- 14. Definition of LCM The least common multiple (LCM) of a group of two or more numbers is the smallest number that is the multiple of all of these numbers. LCM and LCD Example B. Find the LCM of 8, 18, and 12. We may shorten the work by only listing the multiples of the largest number in the group, which is 18, until we find the one that can divide by 8 and also by 12. To find the LCM of a few small numbers, list the multiples of each number orders until the we find first common one which would also be the least one. The multiples of 18 are 18, 36, 54, 72, 90, …
- 15. Definition of LCM The least common multiple (LCM) of a group of two or more numbers is the smallest number that is the multiple of all of these numbers. LCM and LCD Example B. Find the LCM of 8, 18, and 12. We may shorten the work by only listing the multiples of the largest number in the group, which is 18, until we find the one that can divide by 8 and also by 12. To find the LCM of a few small numbers, list the multiples of each number orders until the we find first common one which would also be the least one. The multiples of 18 are 18, 36,
- 16. Definition of LCM The least common multiple (LCM) of a group of two or more numbers is the smallest number that is the multiple of all of these numbers. LCM and LCD Example B. Find the LCM of 8, 18, and 12. We may shorten the work by only listing the multiples of the largest number in the group, which is 18, until we find the one that can divide by 8 and also by 12. To find the LCM of a few small numbers, list the multiples of each number orders until the we find first common one which would also be the least one. The multiples of 18 are 18, 36, 54, 72, 90, …
- 17. Definition of LCM The least common multiple (LCM) of a group of two or more numbers is the smallest number that is the multiple of all of these numbers. LCM and LCD Example B. Find the LCM of 8, 18, and 12. We may shorten the work by only listing the multiples of the largest number in the group, which is 18, until we find the one that can divide by 8 and also by 12. To find the LCM of a few small numbers, list the multiples of each number orders until the we find first common one which would also be the least one. The multiples of 18 are 18, 36, 54, 72, 90, … The first number that is also a multiple of 8 and 12 is 72. Hence LCM{8, 18, 12} = 72.
- 18. But when the LCM is large, the listing method is cumbersome. LCM and LCD
- 19. But when the LCM is large, the listing method is cumbersome. It's easier to find the LCM by constructing it instead. LCM and LCD
- 20. To construct the LCM: Example C. Construct the LCM of {8, 15, 18}. But when the LCM is large, the listing method is cumbersome. It's easier to find the LCM by constructing it instead. LCM and LCD
- 21. To construct the LCM: a. Factor each number completely Example C. Construct the LCM of {8, 15, 18}. But when the LCM is large, the listing method is cumbersome. It's easier to find the LCM by constructing it instead. LCM and LCD
- 22. To construct the LCM: a. Factor each number completely Example C. Construct the LCM of {8, 15, 18}. Factor each number completely, 8 = 23 But when the LCM is large, the listing method is cumbersome. It's easier to find the LCM by constructing it instead. LCM and LCD
- 23. To construct the LCM: a. Factor each number completely Example C. Construct the LCM of {8, 15, 18}. Factor each number completely, 8 = 23 15 = 3 * 5 But when the LCM is large, the listing method is cumbersome. It's easier to find the LCM by constructing it instead. LCM and LCD
- 24. To construct the LCM: a. Factor each number completely Example C. Construct the LCM of {8, 15, 18}. Factor each number completely, 8 = 23 15 = 3 * 5 18 = 2 * 32 But when the LCM is large, the listing method is cumbersome. It's easier to find the LCM by constructing it instead. LCM and LCD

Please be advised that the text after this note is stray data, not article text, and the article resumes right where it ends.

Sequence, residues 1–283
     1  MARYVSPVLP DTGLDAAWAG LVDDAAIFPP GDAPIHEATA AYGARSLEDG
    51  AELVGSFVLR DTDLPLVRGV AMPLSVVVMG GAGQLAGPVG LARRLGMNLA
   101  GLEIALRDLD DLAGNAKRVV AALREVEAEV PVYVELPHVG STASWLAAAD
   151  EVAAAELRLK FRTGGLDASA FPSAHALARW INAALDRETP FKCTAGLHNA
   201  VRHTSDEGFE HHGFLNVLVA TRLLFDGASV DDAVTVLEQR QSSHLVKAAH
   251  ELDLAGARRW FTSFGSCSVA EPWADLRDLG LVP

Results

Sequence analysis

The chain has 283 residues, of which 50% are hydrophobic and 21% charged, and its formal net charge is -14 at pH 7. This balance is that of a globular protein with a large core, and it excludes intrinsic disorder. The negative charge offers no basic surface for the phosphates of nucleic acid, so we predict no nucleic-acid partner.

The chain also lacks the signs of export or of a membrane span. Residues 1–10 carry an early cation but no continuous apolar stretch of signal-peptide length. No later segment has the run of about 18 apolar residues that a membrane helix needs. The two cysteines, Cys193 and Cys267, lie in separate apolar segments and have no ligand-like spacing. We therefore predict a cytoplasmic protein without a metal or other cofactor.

- 25. To construct the LCM: a. Factor each number completely b. For each prime factor, take the highest power appearing in the factorizations. The LCM is their product. Example C. Construct the LCM of {8, 15, 18}. Factor each number completely, 8 = 23 15 = 3 * 5 18 = 2 * 32 But when the LCM is large, the listing method is cumbersome. It's easier to find the LCM by constructing it instead. LCM and LCD
- 26. To construct the LCM: a. Factor each number completely b. For each prime factor, take the highest power appearing in the factorizations. The LCM is their product. Example C. Construct the LCM of {8, 15, 18}. Factor each number completely, 8 = 23 15 = 3 * 5 18 = 2 * 32 From the factorization select the highest degree of each prime factor: But when the LCM is large, the listing method is cumbersome. It's easier to find the LCM by constructing it instead. LCM and LCD
- 27. To construct the LCM: a. Factor each number completely b. For each prime factor, take the highest power appearing in the factorizations. The LCM is their product. Example C. Construct the LCM of {8, 15, 18}. Factor each number completely, 8 = 23 15 = 3 * 5 18 = 2 * 32 From the factorization select the highest degree of each prime factor But when the LCM is large, the listing method is cumbersome. It's easier to find the LCM by constructing it instead. LCM and LCD
- 28. To construct the LCM: a. Factor each number completely b. For each prime factor, take the highest power appearing in the factorizations. The LCM is their product. But when the LCM is large, the listing method is cumbersome. It's easier to find the LCM by constructing it instead. LCM and LCD Example C. Construct the LCM of {8, 15, 18}. Factor each number completely, 8 = 23 15 = 3 * 5 18 = 2 * 32 From the factorization select the highest degree of each prime factor: 23, 32, 5,
- 29. To construct the LCM: a. Factor each number completely b. For each prime factor, take the highest power appearing in the factorizations. The LCM is their product. But when the LCM is large, the listing method is cumbersome. It's easier to find the LCM by constructing it instead. LCM and LCD Example C. Construct the LCM of {8, 15, 18}. Factor each number completely, 8 = 23 15 = 3 * 5 18 = 2 * 32 From the factorization select the highest degree of each prime factor: 23, 32, 5, then LCM{8, 15, 18} = 23*32*5 = 8*9*5 = 360.